Connecticut is Modified country.  That’s pretty much common knowledge.  But something has been happening at the big 5/8-mile oval of Thompson Speedway Motorsports Park in recent years.  We hesitate to call it a changing of the guard, but suddenly cars with fenders are starting to become much more popular than they ever have been in Modified country.


“About three or four years ago we went to the ACT (American-Canadian Tour) rules package and started to allow those cars in,” Thompson’s general manager Josh Vanada told powered by JEGS.  “Ever since then we’ve seen a steady increase in our car counts.”


Side-by-side action is commonplace in the Late Model division at Thompson. (Thompson Speedway Photo)

Side-by-side action is commonplace in the Late Model division at Thompson. (Thompson Speedway Photo)

Another positive that came with the change to the rules employed by the American-Canadian Tour will be seen during Thompson’s season finale weekend at the World Series of Speedway racing when the American Canadian Tour ends their own season on the high banks of Thompson for the first time since 1992.


“That was never on the horizon,” Vanada explained.  “That’s something that has probably developed in the last 18 months I would say.  We started to have conversations with Tom Curley and he came down to the track and we chatted about things and I developed a relationship with him. Scott Tapley (Thompson’s race director) and I went and had lunch with Tom in October or November and we ironed a deal out basically right at the table.  That’s something that kind of organically happened.”


While other tracks in the region have been struggling to keep Late Models at their tracks, Thompson’s Late Model division has been growing.  The division has averaged 21 cars the last three races, surpassing the number of cars NASCAR considers to be a full field.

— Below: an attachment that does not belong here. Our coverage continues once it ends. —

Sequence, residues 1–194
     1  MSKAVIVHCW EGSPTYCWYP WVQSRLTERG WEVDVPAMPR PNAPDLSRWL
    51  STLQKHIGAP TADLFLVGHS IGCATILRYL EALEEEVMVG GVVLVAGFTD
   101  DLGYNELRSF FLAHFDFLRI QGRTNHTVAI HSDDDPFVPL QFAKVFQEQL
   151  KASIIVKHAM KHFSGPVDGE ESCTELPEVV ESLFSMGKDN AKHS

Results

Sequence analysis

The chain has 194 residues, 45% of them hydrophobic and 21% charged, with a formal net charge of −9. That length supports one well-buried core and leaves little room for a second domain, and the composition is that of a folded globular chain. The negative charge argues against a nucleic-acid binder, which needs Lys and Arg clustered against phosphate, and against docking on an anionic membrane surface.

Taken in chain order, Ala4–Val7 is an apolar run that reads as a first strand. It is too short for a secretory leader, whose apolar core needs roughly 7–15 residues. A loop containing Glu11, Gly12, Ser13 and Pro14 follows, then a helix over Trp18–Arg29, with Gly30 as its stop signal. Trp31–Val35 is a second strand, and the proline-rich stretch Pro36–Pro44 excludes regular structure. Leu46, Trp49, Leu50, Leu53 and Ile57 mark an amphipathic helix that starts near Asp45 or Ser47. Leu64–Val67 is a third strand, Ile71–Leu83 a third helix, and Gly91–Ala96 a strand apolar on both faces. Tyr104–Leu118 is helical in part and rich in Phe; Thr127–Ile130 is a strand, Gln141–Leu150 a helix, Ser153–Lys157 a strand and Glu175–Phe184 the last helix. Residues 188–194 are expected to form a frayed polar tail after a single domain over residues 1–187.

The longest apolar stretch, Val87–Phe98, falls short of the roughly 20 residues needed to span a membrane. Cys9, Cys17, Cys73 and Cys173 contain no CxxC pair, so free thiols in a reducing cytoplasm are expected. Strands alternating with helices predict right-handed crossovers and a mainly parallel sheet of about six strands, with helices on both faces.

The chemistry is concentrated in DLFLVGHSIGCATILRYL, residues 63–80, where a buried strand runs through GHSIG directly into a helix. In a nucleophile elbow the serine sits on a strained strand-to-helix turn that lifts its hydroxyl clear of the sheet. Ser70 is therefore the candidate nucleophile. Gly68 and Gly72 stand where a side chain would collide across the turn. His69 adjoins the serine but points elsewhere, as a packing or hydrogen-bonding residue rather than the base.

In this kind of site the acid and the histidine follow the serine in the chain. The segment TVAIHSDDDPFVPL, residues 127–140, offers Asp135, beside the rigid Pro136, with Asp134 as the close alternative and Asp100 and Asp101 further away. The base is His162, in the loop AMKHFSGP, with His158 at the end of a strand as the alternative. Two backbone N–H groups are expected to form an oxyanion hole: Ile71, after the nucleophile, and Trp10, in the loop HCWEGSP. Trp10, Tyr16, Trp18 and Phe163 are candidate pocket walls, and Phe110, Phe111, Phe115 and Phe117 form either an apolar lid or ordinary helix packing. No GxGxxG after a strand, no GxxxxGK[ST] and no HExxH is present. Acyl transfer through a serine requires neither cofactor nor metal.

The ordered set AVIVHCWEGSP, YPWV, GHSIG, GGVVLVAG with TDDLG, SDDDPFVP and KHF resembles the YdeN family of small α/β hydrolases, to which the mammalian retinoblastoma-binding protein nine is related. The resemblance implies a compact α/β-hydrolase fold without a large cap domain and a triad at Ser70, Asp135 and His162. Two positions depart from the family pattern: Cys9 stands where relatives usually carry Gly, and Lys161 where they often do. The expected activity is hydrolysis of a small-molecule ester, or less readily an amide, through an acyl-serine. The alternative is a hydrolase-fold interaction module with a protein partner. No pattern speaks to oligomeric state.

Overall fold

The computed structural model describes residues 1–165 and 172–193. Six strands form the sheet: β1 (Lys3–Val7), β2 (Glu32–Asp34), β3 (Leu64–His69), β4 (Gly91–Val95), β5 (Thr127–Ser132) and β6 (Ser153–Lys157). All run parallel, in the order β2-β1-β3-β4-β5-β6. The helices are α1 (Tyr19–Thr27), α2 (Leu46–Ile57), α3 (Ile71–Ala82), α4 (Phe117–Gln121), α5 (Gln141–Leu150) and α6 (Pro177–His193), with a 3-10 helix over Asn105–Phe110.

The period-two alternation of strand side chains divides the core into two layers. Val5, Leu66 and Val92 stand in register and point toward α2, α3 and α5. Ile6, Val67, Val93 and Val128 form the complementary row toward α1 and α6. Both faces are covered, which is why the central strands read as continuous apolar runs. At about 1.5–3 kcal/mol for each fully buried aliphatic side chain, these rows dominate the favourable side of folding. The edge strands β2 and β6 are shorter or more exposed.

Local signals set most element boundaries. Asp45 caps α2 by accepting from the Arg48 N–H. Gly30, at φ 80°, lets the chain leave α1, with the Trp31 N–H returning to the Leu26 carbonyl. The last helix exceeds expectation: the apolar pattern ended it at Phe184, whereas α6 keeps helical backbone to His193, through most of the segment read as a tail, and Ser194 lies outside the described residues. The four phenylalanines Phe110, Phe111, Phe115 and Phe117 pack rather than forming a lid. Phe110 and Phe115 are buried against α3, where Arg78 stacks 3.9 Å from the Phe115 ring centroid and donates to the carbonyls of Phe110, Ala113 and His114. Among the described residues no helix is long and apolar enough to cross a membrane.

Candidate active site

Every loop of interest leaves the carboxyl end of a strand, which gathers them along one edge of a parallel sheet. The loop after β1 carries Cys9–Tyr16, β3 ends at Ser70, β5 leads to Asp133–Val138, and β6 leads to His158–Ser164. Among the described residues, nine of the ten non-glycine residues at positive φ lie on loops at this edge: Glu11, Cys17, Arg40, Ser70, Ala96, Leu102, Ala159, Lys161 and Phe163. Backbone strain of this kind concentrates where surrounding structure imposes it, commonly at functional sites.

“It’s exciting to see every event that we are running have full fields for NASCAR points,” Vanada said.  “That’s exciting for a lot of people, especially since there’s a division II champion within NASCAR now.


“And we are excited for our fans.  When fans come to Thompson, if we have a 12-car field that isn’t respectable.  If you have a 20-plus car field on a 5/8-mile race track, that’s more in line with what they’re accustomed to seeing and gives them the type of entertainment that they deserve.”


Vanada believes the type of entertainment fans want to see is side-by-side racing lap after lap.  He believes that the special 20-20-Sprint format used once a year for each division at Thompson helps produce even more side-by-side action.


That 20-20-Sprint format, which features two 20-lap features and a final 10-lap sprint to determine the overall winner, will be used tomorrow night, July 8, for the Late Models, and Vanada can’t wait to see it once again.  He explained that the 20-20-Sprint night for the Late Models in 2014 was one of his favorite races he has witnessed at the historic facility.


“We watched Keith Rocco and Rick Gentes battle side-by-side for the entire second segment which was 20 laps, and then half of the final 10 lap sprint,” Vanada said.  “I was pretty happy about that because that’s what fans want to see.  Last year’s was really well done and I’m looking forward to another successful one this year.”


Fans can catch the next installment of the 20-20-Sprint for the Late Models tomorrow night for just $18.  Race fans can also bring a can of food to donate to a local food bank and receive $2 off their general admission ticket.


Joining the Late Models will be the Sunoco Modifieds, Mini Stocks and Limited Sportsman.  Grandstand gates open at 3:30 p.m. with feature racing action beginning at 6:15 p.m.


-By Rob Blount, Northeast Editor – Twitter: @RobBlount

-Photo Credit: Thompson Speedway Motorsports Park photo

Thompson Finds Success with Late Models in Modified Country